Indian space agency loses contact with lunar lander
An exterior view of the Indian space agency's mission control center in Bengaluru, India, on Saturday, Sept. 7. EFE/EPA/JAGADEESH NV
Journalists await a briefing at the Indian space agency's mission control center in Bengaluru, India, on Saturday, Sept. 7. EFE/EPA/JAGADEESH NV
Workers at the Indian space agency's mission control center in Bengaluru, India, confer after the loss of contact with the Vikram lunar lander on Saturday, Sept. 7. EFE/EPA/JAGADEESH NV
Screen grab of television footage showing Prime Minister Narendra Modi at the Indian space agency's mission control center in Bengaluru, India, on Saturday, Sept. 7. EFE/EPA/JAGADEESH NV
New Delhi, Sep 7 (efe-epa).- India's space agency said Saturday that ground controllers lost contact with the Chandrayaan-2 spacecraft's Vikram lander during the planned landing on the Moon.
"This is Mission Control Center. #VikramLander descent was as planned and normal performance was observed up to an altitude of 2.1 km. Subsequently, communication from Lander to the ground stations was lost. Data is being analyzed," Indian Space Research Organization (ISRO) chairman K Sivan said.
The signal was interrupted around 2.20 am (20.50 GMT Friday), roughly 20 minutes after the Vikram began the descent to the lunar surface.
Prime Minister Narendra Modi, who traveled to the southern city of Bengaluru to monitor the landing from the Mission Control Center, tried to offer encouragement to the ISRO team.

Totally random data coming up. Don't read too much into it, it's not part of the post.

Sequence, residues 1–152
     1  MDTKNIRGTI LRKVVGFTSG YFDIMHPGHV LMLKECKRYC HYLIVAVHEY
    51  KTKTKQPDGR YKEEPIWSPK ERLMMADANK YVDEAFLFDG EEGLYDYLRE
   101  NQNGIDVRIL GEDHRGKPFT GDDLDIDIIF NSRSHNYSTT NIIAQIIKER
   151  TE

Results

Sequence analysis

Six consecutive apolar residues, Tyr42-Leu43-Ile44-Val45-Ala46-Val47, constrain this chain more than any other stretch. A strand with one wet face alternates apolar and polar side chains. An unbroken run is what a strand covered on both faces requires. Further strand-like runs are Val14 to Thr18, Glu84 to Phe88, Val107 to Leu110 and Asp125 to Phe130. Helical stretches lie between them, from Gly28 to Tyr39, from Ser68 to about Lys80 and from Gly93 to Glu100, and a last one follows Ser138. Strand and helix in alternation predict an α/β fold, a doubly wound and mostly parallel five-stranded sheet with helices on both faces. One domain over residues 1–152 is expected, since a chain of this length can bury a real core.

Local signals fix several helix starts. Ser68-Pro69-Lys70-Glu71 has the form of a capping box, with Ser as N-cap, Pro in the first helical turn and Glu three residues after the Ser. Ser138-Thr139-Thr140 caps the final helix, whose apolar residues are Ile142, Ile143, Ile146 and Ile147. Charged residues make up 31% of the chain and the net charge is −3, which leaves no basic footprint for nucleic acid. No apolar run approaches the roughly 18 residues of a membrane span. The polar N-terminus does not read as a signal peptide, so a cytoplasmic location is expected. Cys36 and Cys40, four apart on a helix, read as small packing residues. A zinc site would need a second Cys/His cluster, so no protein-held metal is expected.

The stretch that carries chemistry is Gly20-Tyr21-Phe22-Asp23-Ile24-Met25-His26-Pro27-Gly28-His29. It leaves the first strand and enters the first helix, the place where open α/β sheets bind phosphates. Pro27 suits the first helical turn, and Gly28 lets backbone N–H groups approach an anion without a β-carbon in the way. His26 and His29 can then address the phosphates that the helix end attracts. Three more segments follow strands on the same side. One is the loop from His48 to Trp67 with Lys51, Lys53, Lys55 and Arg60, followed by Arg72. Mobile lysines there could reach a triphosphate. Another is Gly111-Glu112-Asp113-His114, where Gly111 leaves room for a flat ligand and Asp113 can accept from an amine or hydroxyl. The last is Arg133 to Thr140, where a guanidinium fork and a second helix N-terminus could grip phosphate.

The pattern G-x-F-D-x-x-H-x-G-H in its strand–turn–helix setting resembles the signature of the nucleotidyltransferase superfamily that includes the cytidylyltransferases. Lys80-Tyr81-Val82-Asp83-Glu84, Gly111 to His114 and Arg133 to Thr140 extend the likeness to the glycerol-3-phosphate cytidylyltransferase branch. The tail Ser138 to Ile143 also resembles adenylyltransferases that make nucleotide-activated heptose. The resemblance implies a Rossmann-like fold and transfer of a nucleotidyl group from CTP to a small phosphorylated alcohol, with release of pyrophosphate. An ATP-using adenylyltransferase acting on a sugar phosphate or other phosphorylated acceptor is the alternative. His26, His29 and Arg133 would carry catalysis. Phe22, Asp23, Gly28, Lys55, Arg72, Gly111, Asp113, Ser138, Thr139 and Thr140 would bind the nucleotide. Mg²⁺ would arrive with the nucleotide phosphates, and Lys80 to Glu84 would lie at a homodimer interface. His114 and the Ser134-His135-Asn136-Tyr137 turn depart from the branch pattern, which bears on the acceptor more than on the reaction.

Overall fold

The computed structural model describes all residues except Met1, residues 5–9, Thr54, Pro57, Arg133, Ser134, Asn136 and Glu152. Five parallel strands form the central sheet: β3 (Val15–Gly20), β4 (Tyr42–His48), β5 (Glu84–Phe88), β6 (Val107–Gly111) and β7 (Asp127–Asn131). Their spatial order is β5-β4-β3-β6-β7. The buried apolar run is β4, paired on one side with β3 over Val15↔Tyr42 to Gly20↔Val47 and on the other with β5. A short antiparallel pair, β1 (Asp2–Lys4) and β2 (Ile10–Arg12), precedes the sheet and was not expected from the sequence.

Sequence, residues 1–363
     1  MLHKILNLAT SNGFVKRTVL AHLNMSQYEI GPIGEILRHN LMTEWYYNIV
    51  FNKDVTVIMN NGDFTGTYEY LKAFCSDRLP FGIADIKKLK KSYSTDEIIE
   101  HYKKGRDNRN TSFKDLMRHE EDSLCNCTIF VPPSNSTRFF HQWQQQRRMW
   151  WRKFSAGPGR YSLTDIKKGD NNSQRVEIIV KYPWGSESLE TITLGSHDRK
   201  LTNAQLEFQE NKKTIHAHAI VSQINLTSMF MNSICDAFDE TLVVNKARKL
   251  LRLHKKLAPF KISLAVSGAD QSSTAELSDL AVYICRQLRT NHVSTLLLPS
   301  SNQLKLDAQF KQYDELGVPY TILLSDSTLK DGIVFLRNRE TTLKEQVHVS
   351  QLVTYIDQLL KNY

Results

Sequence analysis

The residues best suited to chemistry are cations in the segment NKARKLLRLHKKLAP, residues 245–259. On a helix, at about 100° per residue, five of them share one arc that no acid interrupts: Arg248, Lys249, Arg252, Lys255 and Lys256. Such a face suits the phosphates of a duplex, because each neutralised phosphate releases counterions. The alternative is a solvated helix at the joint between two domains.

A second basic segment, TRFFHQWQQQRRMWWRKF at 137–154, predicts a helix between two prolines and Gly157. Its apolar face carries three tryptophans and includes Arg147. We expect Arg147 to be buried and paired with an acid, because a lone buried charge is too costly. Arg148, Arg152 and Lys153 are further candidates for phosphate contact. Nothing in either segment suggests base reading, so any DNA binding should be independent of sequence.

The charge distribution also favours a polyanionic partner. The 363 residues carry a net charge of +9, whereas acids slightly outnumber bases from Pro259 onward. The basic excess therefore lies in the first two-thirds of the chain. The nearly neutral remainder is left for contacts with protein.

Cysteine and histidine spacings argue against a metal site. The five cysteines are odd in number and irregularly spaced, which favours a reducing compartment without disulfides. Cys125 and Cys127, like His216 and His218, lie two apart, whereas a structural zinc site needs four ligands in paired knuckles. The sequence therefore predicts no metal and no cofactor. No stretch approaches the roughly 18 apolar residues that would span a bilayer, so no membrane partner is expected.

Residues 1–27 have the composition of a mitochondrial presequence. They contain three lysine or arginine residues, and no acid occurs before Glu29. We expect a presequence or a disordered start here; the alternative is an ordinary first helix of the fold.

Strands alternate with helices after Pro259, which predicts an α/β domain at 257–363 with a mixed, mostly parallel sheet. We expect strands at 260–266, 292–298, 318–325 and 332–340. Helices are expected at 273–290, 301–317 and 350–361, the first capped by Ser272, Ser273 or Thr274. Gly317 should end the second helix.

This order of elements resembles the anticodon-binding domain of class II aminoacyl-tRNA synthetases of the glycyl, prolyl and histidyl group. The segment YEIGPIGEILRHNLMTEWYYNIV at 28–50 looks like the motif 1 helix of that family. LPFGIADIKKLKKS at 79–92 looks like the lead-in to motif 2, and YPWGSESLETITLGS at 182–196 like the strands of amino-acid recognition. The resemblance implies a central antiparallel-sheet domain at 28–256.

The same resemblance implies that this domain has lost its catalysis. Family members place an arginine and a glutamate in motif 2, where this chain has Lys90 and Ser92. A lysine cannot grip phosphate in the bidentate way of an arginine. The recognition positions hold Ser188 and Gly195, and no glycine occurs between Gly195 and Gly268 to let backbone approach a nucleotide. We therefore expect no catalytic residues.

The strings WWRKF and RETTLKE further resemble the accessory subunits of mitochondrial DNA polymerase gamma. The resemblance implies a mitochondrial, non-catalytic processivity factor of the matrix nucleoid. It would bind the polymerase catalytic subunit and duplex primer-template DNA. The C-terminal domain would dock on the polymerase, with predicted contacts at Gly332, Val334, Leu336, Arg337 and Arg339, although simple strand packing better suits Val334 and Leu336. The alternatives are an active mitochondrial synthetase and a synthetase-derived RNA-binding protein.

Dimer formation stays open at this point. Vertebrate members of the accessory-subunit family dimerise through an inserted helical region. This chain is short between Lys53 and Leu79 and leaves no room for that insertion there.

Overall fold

"There are ups and downs in life. This is not a small achievement. The nation in proud of you. Hope for the best. I congratulate you. You all have done a big service to nation, science and mankind. I am with you all the way, move forward bravely," Modi said.
The Chandrayaan-2 was launched on July 22 and entered lunar orbit on Aug. 20.
Equipped with a rover and an array of scientific instruments, the Vikram was supposed to touch down in a level area between two craters.
The designated spot was closer to the Moon's south pole than any previous landing.
The Chandrayaan-1 achieved lunar orbit in November 2008 and a NASA instrument aboard the spacecraft confirmed the presence of water on the Moon.
With Chandrayaan-2, India was hoping to become only the fourth nation - after the United States, Russia and China - to land a spacecraft on the Moon.
In concrete terms, the mission's purpose was to deepen scientists' understanding of the Moon's mineral composition and the presence of water.
The mission plan calls for the Chandrayaan-2's orbiter module to continue circling the Moon for a year.
India successfully placed satellites in Earth orbit in 1999 and the ISRO's ambitions include sending probes to Venus and the sun as well as eventually sending people into space.